2 Answers | Add Yours
Nick lives in a bungalow that is placed in extreme contrast with Gatsby's mansion next door and the Buchanans' mansion across the bay. Daisy and Tom both seem to assert themselves as members of an exclusive elite class and their home serves as one vehicle to make that assertion clear. Gatsby, on the other hand, asserts his membership through his lavish home only to win Daisy's attention. For both Gatsby and the Buchanans, their mansions reflect their social position in the upper class and lifestyles of wealth and excess.
Nick's bungalow is much more modest, as is Nick himself. He comes from the Midwest, which is a much different world from the East. Though his family is well-off, his lifestyle is not lavish or boastful.
Myrtle and her husband George live in "the valley of ashes." Myrtle tries to live above her means and has the opportunity to do this through her relationship with Tom Buchanan. Their apartment represents her materialistic desires. However, her home with George is much less fancy.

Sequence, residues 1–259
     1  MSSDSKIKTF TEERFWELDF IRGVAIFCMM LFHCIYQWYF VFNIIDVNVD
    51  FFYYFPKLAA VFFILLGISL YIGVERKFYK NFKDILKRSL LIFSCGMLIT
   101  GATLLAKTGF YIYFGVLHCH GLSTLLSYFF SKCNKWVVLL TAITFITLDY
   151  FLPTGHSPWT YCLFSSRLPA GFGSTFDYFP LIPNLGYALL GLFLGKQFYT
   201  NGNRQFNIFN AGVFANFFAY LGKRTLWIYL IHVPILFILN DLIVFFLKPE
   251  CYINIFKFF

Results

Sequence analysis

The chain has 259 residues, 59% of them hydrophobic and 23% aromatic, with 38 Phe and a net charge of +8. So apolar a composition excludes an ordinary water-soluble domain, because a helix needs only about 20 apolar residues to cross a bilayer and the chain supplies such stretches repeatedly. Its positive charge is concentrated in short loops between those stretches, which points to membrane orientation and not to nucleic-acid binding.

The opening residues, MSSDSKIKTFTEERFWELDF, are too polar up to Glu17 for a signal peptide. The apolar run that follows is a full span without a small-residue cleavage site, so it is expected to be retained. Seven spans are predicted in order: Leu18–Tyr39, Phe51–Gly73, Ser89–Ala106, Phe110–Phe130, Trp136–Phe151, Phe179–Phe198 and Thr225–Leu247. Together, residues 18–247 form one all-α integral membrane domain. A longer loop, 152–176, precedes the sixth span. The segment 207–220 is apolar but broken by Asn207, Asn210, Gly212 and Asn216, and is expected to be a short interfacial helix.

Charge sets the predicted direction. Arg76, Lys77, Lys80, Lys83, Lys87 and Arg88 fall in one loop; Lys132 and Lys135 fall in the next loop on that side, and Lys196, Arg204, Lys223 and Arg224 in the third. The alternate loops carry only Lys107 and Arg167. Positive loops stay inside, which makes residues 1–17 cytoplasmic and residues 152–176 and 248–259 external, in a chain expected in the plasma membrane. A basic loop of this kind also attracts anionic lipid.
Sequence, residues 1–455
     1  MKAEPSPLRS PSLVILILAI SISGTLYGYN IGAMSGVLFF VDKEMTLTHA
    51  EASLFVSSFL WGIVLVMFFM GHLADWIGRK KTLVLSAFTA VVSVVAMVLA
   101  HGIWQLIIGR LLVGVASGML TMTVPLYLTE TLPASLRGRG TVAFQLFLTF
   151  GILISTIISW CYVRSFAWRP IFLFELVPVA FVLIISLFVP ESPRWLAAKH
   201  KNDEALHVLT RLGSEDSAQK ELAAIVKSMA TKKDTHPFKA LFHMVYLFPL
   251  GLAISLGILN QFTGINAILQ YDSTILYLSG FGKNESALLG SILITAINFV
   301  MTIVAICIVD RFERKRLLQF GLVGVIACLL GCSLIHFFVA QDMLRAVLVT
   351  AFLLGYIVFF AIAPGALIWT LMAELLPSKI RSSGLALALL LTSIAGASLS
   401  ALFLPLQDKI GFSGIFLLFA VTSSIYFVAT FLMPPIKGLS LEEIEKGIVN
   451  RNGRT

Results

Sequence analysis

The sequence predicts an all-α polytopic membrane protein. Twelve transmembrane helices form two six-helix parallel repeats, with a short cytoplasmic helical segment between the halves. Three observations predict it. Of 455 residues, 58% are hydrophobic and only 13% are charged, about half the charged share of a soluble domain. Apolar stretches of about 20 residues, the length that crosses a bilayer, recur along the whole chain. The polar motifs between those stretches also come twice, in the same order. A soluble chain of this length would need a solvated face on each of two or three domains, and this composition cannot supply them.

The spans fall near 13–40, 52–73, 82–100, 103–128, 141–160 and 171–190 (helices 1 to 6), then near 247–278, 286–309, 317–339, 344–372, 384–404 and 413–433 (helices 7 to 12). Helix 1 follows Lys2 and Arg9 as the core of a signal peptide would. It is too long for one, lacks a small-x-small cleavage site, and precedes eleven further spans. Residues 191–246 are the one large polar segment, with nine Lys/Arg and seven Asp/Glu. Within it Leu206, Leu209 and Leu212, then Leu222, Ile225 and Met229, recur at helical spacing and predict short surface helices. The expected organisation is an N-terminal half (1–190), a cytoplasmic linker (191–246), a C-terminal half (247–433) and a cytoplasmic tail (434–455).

To me, Nick's home is sort of indicative of his own character. It is a home that is nice enough, not shabby or anything. He is like that -- he is by no means poor. But it is not big or ostentatious. That's like him as well -- he does not try to act like he's a big deal.
Gatsby's house is also sort of like him. It is big and fancy, but somewhat lonely and empty. He is rich and has made it big. But, at the same time, he is lonely. He really wants Daisy and doesn't care much about anyone else. That makes him, to me, seem empty.
We’ve answered 319,190 questions. We can answer yours, too.Ask a question